Tuesday, June 27, 2017

"The Bathroom & Kitchen Share A Dubious Distinction"

The bathroom and kitchen are the two most popular rooms in the home. Go home shopping, watch any of the home improvement or decorating shows on TV, search the home decor sites on the web, talk with a real estate agent or builder, and the common focus is kitchens and baths. This is understandable. There are more activities conducted here and more moving parts in these rooms in terms of fixtures, appliances, and features.

In addition to being the most popular two rooms in a home, they also share another distinction - they are the most dangerous. In the kitchen, we have to be ever vigilant. There are sharp objects in many forms that can cut us (knife blades and numerous sharp-edged objects for starters), hard ones that we could drop on our feet (such as cans and frozen objects falling from the freezer shelf), things that can burn us (when we touch them or ingest them), and many other ways that we can subject ourselves to injury or discomfort in the kitchen. It should be posted as a hazardous work zone.

As dangerous as the kitchen is to us when we are trying to be careful, imagine the perils that exist for children or people with cognitive difficulties that are not constantly aware of their surroundings or act a little carelessly around objects that can harm them. Diligence is demanded in the kitchen. It can provide many pleasurable experiences for us, but there is potential harm constantly lurking for us in the kitchen.

Then we move on to the bathroom. The bathroom is generally a smaller space in the home with less seemingly risk. There is no heat source such as a cooktop or oven, but there is hot water.  There is no food preparation, so generally there is a low risk of getting cut or having heavy objects fall on us. Nevertheless, we can cut ourselves while shaving, by bumping into the sharp edge of a mirror, by running into a sharp corner, or by inadvertently kicking or an object.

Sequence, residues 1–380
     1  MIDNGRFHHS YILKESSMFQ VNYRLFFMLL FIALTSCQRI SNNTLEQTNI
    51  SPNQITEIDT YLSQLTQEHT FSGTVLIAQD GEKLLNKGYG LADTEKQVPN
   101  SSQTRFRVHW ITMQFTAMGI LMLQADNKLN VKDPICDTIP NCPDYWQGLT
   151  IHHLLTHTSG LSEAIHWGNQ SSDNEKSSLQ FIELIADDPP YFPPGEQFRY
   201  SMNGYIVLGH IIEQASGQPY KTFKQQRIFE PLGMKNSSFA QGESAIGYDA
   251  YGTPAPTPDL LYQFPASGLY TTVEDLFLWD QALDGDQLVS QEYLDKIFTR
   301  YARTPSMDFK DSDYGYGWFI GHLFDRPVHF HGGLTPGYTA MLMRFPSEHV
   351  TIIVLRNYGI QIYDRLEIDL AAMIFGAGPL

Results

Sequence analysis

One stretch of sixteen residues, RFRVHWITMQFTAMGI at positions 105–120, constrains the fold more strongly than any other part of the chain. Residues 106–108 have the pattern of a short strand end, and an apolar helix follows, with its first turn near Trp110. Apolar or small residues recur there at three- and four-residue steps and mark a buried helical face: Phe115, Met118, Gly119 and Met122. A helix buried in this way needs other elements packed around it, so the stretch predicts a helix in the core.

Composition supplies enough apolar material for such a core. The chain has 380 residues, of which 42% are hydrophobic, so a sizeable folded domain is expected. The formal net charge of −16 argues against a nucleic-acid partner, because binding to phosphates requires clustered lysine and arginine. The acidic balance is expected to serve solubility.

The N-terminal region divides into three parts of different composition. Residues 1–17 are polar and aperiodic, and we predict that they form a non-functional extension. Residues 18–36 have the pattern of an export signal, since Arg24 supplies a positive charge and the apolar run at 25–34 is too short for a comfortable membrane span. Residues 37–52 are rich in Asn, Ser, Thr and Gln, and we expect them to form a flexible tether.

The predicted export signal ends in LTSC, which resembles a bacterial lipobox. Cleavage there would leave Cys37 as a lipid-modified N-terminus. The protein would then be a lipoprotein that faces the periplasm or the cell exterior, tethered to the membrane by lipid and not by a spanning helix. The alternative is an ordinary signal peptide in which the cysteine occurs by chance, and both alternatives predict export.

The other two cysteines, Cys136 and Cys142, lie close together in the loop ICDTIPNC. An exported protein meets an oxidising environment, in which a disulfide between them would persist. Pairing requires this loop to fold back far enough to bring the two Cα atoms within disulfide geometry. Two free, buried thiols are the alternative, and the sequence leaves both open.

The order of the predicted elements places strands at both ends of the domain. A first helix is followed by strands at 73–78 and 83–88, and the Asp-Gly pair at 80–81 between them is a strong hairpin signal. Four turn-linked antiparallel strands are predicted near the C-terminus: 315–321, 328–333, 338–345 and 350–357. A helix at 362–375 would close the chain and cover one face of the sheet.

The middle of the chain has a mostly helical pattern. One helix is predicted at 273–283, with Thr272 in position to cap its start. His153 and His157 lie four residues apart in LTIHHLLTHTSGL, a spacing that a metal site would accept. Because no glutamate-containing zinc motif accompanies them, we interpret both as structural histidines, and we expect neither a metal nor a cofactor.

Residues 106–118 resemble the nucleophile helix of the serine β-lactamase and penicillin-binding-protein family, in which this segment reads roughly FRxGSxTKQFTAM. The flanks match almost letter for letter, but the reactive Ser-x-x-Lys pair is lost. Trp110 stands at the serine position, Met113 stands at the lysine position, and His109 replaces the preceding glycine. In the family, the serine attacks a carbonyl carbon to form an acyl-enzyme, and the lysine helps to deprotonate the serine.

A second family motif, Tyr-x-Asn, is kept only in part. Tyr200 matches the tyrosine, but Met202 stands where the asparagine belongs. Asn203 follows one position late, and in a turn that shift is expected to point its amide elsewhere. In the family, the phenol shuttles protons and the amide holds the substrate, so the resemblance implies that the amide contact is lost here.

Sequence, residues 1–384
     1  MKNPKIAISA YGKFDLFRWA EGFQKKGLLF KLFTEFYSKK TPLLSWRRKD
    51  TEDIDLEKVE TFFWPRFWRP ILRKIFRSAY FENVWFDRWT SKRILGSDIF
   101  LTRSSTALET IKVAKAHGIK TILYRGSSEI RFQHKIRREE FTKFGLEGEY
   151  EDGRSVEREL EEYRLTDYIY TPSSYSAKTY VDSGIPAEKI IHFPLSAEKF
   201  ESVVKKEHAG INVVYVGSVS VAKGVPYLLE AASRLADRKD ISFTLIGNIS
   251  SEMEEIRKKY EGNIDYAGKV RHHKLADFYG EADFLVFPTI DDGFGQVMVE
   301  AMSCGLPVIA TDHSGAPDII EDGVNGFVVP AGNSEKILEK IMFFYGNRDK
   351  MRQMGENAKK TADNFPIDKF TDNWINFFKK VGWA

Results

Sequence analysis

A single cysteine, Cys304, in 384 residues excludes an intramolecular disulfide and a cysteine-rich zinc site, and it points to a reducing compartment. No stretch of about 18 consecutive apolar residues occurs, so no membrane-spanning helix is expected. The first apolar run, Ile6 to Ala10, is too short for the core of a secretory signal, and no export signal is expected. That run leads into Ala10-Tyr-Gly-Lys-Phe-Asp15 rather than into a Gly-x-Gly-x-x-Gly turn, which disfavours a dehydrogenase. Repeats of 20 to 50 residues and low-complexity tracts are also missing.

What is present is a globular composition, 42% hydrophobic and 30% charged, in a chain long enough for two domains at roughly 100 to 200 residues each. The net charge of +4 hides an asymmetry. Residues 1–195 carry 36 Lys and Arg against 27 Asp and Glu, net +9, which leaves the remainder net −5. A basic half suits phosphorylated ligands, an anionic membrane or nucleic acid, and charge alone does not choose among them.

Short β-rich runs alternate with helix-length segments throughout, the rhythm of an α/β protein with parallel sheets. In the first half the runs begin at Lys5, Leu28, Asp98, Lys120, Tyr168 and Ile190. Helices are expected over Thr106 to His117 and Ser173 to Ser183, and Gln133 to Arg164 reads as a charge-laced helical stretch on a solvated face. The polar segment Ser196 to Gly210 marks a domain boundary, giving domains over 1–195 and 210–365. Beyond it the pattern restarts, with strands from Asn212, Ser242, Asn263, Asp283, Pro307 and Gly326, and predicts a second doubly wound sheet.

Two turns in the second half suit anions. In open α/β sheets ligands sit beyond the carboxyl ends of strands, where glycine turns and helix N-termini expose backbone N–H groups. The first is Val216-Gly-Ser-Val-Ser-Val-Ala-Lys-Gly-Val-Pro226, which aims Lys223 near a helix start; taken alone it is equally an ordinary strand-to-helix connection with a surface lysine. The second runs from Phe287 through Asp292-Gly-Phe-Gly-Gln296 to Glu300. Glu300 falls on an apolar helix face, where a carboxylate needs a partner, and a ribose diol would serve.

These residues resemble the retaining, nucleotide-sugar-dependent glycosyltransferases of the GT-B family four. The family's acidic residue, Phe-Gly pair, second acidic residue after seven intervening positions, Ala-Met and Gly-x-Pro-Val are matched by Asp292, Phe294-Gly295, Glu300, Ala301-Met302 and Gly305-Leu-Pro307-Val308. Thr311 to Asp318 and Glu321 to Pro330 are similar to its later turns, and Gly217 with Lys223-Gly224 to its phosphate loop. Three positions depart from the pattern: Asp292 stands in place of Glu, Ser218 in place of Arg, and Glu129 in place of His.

The real danger in the bath is falling. More injuries occur in the bath than anywhere else in the home, and more of them are serious. This is particularly tru for seniors. Many falls lead to permanent disability or death. It is not to be taken lightly.

While the kitchen may provide more opportunities for potential harm because of the many activities that occur there and the variety of tools, appliances, and packaging that is used there, the bathroom turns out to be the riskier room in the home.  

It's unfortunate that the two areas of the home that are the most interesting to us, where the greatest attention is paid, where more decorating and design opportunities exist, and what captures our attention in looking for a new home or considering how to adapt our current living space, are the two areas that cause us the most difficulty in terms of potential injury - even very serious injury.

We need both of these rooms, and we certainly require the functions and activities that occur in each. The challenge is making them safer to use. This can happen many ways. First is just a general awareness that falls, cuts, and other injuries are possible - even that they are likely to occur. Knowing this lets us take extra precautions.

Additionally, we can engage in less risky behavior to the extent possible. We can be diligent about conducting our activities in a safe way. Accidents can still happen. Looking for where, how, and why they can happen will help remove some of the risk.

We want - and expect - our homes to be comfortable and enjoyable. We don't need or want them to cause us harm or injury. Being extra careful - especially in the kitchen and bathroom - and looking for ways to help insulate our clients from this additional risk should be a primary focus of ours.

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Steve HoffackerCAPS, MCSP, MIRM, is a licensed Certified Aging In Place Specialist-Master instructor and best-selling author of universal design books. To learn about this and other programs for aging-in-place or universal design, visit stevehoffacker.com or call 561-685-5555.